Automated code review: improve your code review process by automatizing it

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Debugging, staying compliant with coding standards, and strengthening software security. Those are just some of the scopes code review can embrace with specific lightweight techniques. But regardless of the focus: is a simple code review strong enough to make sure there are no human mistakes that put the software development at risk? 

We know that developers have powerful knowledge to be ahead of the issues that may arise. Still, the truth is that nowadays, on the other side of the bridge, there are people creating specific threats that aren’t visible to humans. That’s one of the reasons why having an automated code review is a must for software development.

It’s not about leaving behind both the author’s and reviewer’s expertise. It’s mainly about taking the code review to the next level by broadening the process to get to a safer, high-quality application. Plus, it’s a way to reach the testing phase with a better product with less room for human error.

Let’s delve into what’s precisely an automated code review, why it’s key to delivering high-quality software, some myths about it, and a few tools that might help you adopt it. 

What's precisely an automated code review?

The foundation of automated code review is basically the comparison between the source code against known, standard guidelines. This helps developers identify mistakes and potential security breaches. Automated tools fuel this kind of code review. When an automated tool is integrated into the code review process, it paves the way for tracking teams’ comments and can even offer usage statistics and metrics to support app optimization.

How does the workflow look when using an automated tool? The automated tool will output a report that turns into a pull request that shows all the changes that the developer should apply. If you want to take this further, some automated tools provide the chance to do the changes themselves by merging a pull request upstream.

But, we know, nothing is perfect. Even automated tools can fall into false positives and false negatives. A false positive can result in a waste of time for developers because they’ll have to take time to separate the true positives from the false ones, and they need to pay special attention to that, because missing a true positive could lead to an error not being fixed. While false negatives are mainly about the tool not detecting an error, and letting that error pass the review process if nobody notices it.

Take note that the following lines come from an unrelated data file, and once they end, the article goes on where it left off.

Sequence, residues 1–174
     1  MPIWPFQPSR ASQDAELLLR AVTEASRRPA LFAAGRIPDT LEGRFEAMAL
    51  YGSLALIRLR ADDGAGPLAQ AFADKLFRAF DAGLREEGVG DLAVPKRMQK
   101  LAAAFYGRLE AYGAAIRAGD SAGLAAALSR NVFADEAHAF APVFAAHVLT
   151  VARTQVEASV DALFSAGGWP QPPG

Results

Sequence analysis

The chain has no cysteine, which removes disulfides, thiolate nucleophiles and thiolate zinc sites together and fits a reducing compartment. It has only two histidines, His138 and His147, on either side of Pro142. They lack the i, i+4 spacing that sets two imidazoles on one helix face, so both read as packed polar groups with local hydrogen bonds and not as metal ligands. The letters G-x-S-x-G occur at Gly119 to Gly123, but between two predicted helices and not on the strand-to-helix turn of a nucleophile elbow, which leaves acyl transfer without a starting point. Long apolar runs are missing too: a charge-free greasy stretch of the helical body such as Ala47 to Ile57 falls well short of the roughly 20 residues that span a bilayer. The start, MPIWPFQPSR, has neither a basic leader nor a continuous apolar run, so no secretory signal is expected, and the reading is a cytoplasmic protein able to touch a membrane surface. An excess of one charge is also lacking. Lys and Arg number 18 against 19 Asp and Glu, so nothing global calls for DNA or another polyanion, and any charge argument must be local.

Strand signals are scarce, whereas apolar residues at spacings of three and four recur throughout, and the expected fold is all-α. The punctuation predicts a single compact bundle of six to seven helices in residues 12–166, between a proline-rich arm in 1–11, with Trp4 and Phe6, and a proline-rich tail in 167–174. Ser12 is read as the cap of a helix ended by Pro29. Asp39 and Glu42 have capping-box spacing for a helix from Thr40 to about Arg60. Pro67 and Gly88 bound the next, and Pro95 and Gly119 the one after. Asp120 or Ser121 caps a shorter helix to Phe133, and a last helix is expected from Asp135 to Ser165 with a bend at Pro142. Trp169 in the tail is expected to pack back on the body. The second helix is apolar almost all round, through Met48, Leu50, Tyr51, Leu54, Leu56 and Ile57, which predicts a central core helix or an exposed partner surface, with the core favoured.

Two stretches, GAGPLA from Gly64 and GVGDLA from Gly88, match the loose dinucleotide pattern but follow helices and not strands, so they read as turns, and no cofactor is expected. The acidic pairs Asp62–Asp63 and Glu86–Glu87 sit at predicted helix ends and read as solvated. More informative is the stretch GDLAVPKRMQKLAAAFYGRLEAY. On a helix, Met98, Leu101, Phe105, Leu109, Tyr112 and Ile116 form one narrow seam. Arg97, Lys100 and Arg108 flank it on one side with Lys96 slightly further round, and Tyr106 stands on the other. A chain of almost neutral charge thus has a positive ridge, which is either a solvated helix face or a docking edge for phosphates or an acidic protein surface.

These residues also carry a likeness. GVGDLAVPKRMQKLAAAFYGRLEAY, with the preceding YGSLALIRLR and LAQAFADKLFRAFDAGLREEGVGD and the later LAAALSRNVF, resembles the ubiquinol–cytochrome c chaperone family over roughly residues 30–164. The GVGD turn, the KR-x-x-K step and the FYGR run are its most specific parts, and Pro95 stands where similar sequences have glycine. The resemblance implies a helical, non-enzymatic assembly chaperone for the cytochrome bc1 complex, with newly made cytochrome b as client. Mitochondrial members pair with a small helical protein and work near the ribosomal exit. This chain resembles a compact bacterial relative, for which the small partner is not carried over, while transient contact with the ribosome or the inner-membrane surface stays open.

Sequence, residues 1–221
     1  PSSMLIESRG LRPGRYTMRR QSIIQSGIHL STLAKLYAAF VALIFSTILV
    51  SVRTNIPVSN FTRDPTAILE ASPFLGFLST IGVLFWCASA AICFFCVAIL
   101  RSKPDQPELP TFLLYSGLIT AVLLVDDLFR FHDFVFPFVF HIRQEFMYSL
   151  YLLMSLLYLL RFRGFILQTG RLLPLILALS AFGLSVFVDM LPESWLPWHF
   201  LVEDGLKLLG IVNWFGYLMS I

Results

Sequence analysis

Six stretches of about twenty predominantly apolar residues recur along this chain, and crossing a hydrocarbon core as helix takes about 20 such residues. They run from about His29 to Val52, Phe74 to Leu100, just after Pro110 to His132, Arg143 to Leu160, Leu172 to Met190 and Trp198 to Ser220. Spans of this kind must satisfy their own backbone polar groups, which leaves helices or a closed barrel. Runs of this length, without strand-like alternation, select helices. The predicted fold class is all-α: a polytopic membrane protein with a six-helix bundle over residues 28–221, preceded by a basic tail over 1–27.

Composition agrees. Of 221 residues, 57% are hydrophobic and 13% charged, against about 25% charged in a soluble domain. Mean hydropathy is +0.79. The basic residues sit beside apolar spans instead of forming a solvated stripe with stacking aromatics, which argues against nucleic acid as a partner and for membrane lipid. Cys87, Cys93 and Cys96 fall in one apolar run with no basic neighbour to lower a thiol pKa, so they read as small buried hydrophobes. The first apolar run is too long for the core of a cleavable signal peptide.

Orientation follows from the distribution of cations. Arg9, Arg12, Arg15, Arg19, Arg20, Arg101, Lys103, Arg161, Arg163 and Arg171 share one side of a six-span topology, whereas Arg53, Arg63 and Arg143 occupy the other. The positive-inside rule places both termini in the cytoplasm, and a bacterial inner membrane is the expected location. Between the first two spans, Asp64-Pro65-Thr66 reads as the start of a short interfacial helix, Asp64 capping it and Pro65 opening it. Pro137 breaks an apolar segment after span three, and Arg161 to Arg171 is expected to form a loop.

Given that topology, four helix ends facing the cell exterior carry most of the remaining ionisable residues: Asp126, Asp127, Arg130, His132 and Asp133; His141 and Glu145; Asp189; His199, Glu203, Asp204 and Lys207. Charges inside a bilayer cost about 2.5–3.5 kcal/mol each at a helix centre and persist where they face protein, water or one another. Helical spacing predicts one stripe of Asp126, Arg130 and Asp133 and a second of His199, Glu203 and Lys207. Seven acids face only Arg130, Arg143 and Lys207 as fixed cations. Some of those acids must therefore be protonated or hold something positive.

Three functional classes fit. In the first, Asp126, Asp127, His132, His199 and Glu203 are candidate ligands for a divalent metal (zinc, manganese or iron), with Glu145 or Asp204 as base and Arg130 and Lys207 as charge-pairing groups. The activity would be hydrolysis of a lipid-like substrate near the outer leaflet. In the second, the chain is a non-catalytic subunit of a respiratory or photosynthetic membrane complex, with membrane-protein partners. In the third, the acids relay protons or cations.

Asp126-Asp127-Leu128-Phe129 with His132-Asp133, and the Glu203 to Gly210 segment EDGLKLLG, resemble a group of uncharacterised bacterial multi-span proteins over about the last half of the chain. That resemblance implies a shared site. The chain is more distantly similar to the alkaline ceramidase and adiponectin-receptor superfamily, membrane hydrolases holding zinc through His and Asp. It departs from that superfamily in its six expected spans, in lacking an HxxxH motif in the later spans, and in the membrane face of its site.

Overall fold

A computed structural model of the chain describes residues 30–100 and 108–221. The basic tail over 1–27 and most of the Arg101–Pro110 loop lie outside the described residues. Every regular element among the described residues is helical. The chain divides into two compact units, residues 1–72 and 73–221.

Besides the false positives and false negatives issue, an automated code review is still the best way to get safer, high-quality software, and improve its performance.

Why should you embrace an automated code review process?

There are many reasons why. Let’s get into some of the benefits that an automated code review process has to offer. 

1 – The first one is the most obvious: it erases human error. It’s not about eliminating peer reviews or external reviews but about taking advantage of an automated tool to leave behind, especially, the mistakes that are not visible to humans.

2 – Since all the benefits are connected, another one is that an automated code review process can speed up development. Picture this: all those hours that developers won’t spend on reviewing deeply, will be spent on creating more value for the organization. Therefore, it’s also about freeing them to invest their time on stuff they can add more value to.